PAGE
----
Freeze Frame

Though regrettably not inspired by the J. Geils Band song, John Simpson's ludicrous techno-thriller Freeze Frame comes across like a bad cover band whose set list includes such recent hit singles as Memento, Minority Report, and The Blair Witch Project. All these influences have high concepts—Memento with its backward timeline, Minority Report with its preemptive murder investigation, and Blair Witch with its first-person-camera gimmick—but only in service of larger themes about memory, free will, and the ontology of the camcorder, respectively. With its catchy premise about a man falsely accused of murder who constantly records himself to protect against future allegations, Freeze Frame seems natural for an exercise in Kafka-esque paranoia, or perhaps a critique of a system that refuses to let innocent or reformed men lead ordinary lives. But the central conceit yields little more than a trumped-up whodunit, choked with so many talking killers that everyone seems guilty.

When the film opens, it's been nearly 10 years since Lee Evans, a loner accused of killing a mother and her two young daughters, was acquitted on a technicality. With the victims' family, the local police, and expert pathologist Ian McNeice anxious to put him away for good, Evans does what any sane man would do to avoid prison: He walls himself up in a dank, windowless chamber with barred entryways and security cameras everywhere. Since his release, Evans has recorded every minute of his life through multiple in-house cameras and a harness he attaches to his body, and he keeps the footage in a meticulously organized vault for safe keeping. It turns out he has reason to feel paranoid: When the body of a 25-year-old woman surfaces, the authorities finger him for the crime, but when he searches for a taped alibi, he discovers a convenient gap in his video archives.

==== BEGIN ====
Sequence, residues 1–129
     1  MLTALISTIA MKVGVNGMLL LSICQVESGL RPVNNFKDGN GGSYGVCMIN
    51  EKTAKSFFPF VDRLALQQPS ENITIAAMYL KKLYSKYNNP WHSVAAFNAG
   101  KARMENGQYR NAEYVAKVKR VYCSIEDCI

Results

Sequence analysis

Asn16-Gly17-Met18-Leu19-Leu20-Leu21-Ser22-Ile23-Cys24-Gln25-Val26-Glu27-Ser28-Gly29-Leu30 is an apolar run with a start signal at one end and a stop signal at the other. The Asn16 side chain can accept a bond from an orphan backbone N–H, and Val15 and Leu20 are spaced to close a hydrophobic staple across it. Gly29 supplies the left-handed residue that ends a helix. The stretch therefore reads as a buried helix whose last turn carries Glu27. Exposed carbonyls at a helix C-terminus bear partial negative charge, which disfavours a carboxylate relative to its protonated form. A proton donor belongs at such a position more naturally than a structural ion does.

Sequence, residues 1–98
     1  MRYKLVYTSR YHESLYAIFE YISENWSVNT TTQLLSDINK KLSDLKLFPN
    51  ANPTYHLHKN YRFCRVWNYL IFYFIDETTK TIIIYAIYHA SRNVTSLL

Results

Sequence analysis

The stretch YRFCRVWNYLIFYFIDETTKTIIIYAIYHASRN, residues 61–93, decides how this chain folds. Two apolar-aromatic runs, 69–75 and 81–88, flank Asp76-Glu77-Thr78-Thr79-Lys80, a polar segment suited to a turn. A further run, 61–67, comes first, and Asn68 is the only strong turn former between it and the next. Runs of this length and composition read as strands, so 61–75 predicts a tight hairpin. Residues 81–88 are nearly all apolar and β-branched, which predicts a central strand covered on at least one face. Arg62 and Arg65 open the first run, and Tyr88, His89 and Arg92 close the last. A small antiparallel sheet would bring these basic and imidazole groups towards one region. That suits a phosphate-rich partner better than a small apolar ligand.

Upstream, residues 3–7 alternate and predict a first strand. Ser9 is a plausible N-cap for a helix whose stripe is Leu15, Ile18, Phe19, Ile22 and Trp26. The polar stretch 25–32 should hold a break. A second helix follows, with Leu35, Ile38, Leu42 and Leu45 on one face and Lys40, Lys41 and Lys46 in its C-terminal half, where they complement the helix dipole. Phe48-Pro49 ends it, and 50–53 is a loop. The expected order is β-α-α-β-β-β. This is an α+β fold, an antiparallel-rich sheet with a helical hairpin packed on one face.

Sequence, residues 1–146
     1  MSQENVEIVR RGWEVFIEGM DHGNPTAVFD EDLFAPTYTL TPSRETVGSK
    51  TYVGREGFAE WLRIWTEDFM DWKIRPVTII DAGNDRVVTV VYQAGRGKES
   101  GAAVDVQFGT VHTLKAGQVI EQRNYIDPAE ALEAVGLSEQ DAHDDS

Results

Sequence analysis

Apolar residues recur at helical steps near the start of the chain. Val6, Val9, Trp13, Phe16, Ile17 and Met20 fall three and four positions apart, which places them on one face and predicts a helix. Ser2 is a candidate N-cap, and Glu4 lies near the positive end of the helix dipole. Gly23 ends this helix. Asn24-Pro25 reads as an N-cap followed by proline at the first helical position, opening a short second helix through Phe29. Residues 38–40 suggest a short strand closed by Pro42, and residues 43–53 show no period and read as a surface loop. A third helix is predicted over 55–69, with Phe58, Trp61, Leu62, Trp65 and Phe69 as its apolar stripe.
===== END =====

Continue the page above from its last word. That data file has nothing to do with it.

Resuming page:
Compelling as it sounds, the idea behind Freeze Frame doesn't make any sense, especially when realized in practical terms. Setting aside the unreliable nature of video—in which images, time codes, and other "evidence" can be manipulated—Evans' self-surveillance makes a wildly unpredictable and cumbersome alibi. Why not make some friends or get a job? If he's so intent on filming himself, why not rent a small studio apartment rather than a massive, poorly lit warehouse that takes 90 cameras to cover the space, dooming him to an eternity of labeling and filing? When the authorities finally close in on Evans, his screams and cries reverberate around his self-styled dungeon, but if this crazed paranoia is his life, then it seems like hard time would be sweet relief.

Filed Under: Film

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